S&P 500 (SPX)
Meanwhile, the S&P 500 rallied to a resistance region of around 4,320 on Friday. It stopped, which was part of the August 2022 highs, which is essential because that area has acted as support and resistance. Unless the S&P 500 gaps over the 4,320 level on Monday, I think the 4,320 level holds, and the index trades lower and gives back much of the gains we saw on Friday, which probably means we get another retest of 4,200 at some point this week. If, for some reason, we do gap higher, there is still that gap at 4,400 that hangs out and is likely to be the next central resistance zone for the index.
For the NASDAQ 100 it managed to rally, too, but it hit right up against resistance on Friday at the January uptrend and stopped. The NDX has occasionally tested that trendline and can’t get through it. Again, the NDX must gap over that trend line on Monday morning. Otherwise, we see the index back down and test the 14,270 area. It seems plausible if we do a gap higher than a rally to around 15,250.
More throughout the week.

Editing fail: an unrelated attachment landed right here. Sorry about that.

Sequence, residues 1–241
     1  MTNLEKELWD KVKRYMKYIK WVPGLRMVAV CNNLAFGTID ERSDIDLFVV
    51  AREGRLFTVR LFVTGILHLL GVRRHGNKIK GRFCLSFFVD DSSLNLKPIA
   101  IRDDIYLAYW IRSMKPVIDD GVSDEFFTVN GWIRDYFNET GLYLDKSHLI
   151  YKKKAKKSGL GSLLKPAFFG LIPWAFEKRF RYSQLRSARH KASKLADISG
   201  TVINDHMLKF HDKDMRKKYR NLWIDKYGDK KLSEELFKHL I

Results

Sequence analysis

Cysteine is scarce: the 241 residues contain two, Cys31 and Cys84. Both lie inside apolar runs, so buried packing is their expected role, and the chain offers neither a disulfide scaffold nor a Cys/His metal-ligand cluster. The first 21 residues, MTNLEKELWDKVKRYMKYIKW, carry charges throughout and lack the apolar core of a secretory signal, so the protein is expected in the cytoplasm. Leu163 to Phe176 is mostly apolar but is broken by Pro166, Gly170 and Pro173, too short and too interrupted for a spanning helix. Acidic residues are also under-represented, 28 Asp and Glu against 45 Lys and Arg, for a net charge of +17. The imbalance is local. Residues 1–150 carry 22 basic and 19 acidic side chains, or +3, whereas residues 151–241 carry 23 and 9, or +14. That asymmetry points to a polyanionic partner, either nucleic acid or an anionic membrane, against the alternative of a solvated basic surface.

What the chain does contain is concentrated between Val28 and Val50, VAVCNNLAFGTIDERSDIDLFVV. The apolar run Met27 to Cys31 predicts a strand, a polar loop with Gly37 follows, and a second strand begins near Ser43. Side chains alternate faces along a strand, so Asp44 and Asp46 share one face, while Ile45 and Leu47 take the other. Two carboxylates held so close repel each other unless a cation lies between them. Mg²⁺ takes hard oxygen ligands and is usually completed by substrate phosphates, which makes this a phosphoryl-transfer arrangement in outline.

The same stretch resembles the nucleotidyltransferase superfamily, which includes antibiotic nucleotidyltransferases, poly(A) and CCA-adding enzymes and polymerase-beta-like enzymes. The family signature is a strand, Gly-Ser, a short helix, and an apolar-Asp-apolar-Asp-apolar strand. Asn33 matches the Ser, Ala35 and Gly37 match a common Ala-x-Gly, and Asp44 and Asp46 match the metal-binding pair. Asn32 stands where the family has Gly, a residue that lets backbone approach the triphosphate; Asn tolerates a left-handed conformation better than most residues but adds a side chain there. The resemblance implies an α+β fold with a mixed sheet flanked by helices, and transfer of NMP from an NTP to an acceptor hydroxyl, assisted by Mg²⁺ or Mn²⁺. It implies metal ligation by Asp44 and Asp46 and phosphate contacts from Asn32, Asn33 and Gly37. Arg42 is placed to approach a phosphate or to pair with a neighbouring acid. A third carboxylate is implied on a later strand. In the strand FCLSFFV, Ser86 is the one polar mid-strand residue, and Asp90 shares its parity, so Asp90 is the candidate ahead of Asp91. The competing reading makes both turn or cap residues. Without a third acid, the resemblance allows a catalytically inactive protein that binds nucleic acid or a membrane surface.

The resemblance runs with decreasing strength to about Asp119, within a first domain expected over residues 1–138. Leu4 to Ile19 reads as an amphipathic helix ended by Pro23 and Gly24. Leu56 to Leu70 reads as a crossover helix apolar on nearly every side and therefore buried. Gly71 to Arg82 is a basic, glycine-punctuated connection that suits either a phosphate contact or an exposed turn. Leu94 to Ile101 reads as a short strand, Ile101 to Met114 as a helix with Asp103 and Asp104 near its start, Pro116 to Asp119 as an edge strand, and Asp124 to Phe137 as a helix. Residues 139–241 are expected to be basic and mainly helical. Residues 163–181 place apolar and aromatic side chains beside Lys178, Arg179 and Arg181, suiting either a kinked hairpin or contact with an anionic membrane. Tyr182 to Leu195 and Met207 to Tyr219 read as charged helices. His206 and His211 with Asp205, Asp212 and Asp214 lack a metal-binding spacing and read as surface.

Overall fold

Charts used with the permission of Bloomberg Finance L.P. This report contains independent commentary to be used for informational and educational purposes only. Michael Kramer is a member and investment adviser representative with Mott Capital Management. Mr. Kramer is not affiliated with this company and does not serve on the board of any related company that issued this stock. All opinions and analyses presented by Michael Kramer in this analysis or market report are solely Michael Kramer’s views. Readers should not treat any opinion, viewpoint, or prediction expressed by Michael Kramer as a specific solicitation or recommendation to buy or sell a particular security or follow a particular strategy. Michael Kramer’s analyses are based upon information and independent research that he considers reliable, but neither Michael Kramer nor Mott Capital Management guarantees its completeness or accuracy, and it should not be relied upon as such. Michael Kramer is not under any obligation to update or correct any information presented in his analyses. Mr. Kramer’s statements, guidance, and opinions are subject to change without notice. Past performance is not indicative of future results. Neither Michael Kramer nor Mott Capital Management guarantees any specific outcome or profit. You should be aware of the real risk of loss in following any strategy or investment commentary presented in this analysis. Strategies or investments discussed may fluctuate in price or value. Investments or strategies mentioned in this analysis may not be suitable for you. This material does not consider your particular investment objectives, financial situation, or needs and is not intended as a recommendation appropriate for you. You must make an independent decision regarding investments or strategies in this analysis. Upon request, the advisor will provide a list of all recommendations made during the past twelve months. Before acting on information in this analysis, you should consider whether it is suitable for your circumstances and strongly consider seeking advice from your own financial or investment adviser to determine the suitability of any investment.